Hook up your smartphone or tablet to an existing TV

Another option is to connect your Android smartphone or tablet to your TV, allowing you run the exact same services you do today, simply output to the big screen.

For this to work, you’ll need a device with an HDMI output. Many suitably equipped smartphones and tablets have a separate HDMI port, which means you’ll be able to connect the device to your charger at the same time, to stop it running out at the most awkward moment.

Some devices, including the Samsung Galaxy S III and the HTC One X, One S and One V output a HD picture via a modified micro-USB port. A ‘MHL’ port serves as a way to charge, sync data and output HD video using a single port. Many new televisions can provide power to keep your device charged without needing a separate charger. If it does not, you may need to get an adapter or docking station that splits the two ports back up.

Many new phones also support Wi-Fi Direct, which is often given a different name by manufacturers keen to claim the feature as some sort of exclusive, or try and lock you into their products. This wireless technology allows you to keep hold of your phone or tablet and use it as remote control, while sending pictures, music and video straight to your TV. A newer variant allows mirroring of the display on your device, as if you were connected via a HDMI cable. One such technology is Miracast.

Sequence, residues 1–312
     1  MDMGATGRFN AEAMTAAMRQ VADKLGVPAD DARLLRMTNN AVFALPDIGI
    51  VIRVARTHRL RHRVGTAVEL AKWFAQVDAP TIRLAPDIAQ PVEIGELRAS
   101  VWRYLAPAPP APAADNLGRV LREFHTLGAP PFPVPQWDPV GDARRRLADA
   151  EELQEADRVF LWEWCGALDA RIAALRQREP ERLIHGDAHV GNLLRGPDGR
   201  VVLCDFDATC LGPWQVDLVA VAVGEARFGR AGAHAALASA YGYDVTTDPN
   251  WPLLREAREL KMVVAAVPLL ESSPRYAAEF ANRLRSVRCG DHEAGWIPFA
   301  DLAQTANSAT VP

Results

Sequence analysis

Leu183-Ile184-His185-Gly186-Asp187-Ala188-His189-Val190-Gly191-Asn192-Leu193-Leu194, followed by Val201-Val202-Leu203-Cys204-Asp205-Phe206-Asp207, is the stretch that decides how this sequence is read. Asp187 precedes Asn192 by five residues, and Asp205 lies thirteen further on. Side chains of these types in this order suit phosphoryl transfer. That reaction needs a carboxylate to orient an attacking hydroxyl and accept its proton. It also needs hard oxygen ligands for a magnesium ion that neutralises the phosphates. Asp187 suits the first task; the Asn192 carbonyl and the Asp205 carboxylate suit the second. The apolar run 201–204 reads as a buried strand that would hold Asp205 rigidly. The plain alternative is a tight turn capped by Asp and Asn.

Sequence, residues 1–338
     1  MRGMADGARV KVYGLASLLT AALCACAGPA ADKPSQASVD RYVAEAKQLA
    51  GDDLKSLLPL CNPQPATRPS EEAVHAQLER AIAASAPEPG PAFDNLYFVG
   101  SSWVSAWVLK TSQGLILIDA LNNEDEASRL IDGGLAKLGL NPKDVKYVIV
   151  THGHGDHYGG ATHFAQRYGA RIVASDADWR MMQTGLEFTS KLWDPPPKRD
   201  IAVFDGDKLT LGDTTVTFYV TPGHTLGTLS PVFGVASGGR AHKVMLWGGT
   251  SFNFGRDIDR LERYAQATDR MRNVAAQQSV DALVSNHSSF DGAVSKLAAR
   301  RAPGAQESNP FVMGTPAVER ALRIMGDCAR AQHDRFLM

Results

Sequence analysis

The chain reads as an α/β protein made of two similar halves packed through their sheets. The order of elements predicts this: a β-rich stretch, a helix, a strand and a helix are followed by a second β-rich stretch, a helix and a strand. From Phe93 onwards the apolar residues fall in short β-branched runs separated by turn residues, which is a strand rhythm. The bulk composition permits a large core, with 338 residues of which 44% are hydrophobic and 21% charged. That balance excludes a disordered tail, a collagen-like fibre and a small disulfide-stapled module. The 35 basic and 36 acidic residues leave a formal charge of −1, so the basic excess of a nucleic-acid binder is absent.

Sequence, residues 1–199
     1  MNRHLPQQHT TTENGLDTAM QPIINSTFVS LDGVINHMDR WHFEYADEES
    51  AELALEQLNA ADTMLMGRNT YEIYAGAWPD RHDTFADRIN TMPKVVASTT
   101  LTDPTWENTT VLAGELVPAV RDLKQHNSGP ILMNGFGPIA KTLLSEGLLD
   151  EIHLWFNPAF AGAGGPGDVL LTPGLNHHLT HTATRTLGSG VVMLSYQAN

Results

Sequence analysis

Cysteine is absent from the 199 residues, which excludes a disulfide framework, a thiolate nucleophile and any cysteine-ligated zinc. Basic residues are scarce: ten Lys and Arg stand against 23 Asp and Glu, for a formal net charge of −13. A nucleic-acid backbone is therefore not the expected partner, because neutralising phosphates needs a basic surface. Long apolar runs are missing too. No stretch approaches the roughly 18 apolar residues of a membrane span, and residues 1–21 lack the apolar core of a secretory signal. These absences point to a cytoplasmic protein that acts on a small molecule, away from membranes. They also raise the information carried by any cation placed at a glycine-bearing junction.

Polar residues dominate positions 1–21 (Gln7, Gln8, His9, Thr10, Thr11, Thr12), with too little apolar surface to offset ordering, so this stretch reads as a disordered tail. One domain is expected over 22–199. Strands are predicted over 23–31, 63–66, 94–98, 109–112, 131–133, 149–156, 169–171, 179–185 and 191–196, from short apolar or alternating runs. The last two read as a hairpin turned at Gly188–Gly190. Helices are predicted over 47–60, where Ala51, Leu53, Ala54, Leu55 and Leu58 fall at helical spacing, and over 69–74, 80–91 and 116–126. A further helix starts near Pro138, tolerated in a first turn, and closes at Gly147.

Apple also has its own take on this, called AirPlay and AirPlay Mirroring. It allows iPhone, iPad and iPod touch owners to share (or mirror) the screen via an Apple TV box connected to a TV (see above). With the release of Apple’s new OS X operating system (Mountain Lion) in July 2012, Mac users with compatible hardware can also share their desktop or laptop screens on a TV wirelessly too.

Another way to access content from your TV is setting your device to act as a DLNA (Digital Living Network Alliance) server, which allows your TV to access content via a (usually fairly crude) on-screen file manager. It’s quite an old technology now, but still works fairly well – although if you have a significant amount of content for the TV to access, it can be slow to scroll through – especially if the TV attempts to be clever and produce thumbnails for photo and video.

The advantages of a wired HDMI option are obvious; you already have a device that can bring apps, games and the web to a TV, and only need to invest in a suitable HDMI cable to make it happen. Check out an online retailer like Amazon, which will sell you the cable you’ll most likely need for a smartphone or tablet (a Micro HDMI to standard HDMI cable), with prices far lower than on the high street.

But, now that you’ve got your device hooked up to your TV, how do you control it if it’s sitting under the television? Well, if you have a device running Android 3.x or 4.x, you should be able to easily connect a Bluetooth mouse and/or keyboard. Alternatively, some smartphones supporting USB On-The-Go, or featuring a dedicated USB port, will let you connect USB accessories directly to the phone, including game controllers normally used by Xbox and Playstation 3 owners – allowing you to use cloud gaming services like OnLive.

It is important to note that some streaming services restrict viewing when you output your smartphone or tablet display to a HD TV, so while you might be fine watching your own ‘side-loaded’ content, you will likely find that On Demand services (e.g. 4oD, Netflix or Sky Go) will not work and just leave you with a blank screen.

About author
Involved in tech since 1990, from selling mobile phones and computers, to writing about them for trade and consumer publications, such as Mobile News, What Mobile, Know Your Mobile and Stuff. If writing about mobiles wasn't exciting enough, being paid to watch TV during work hours is the icing on the cake. Jonathan on Google+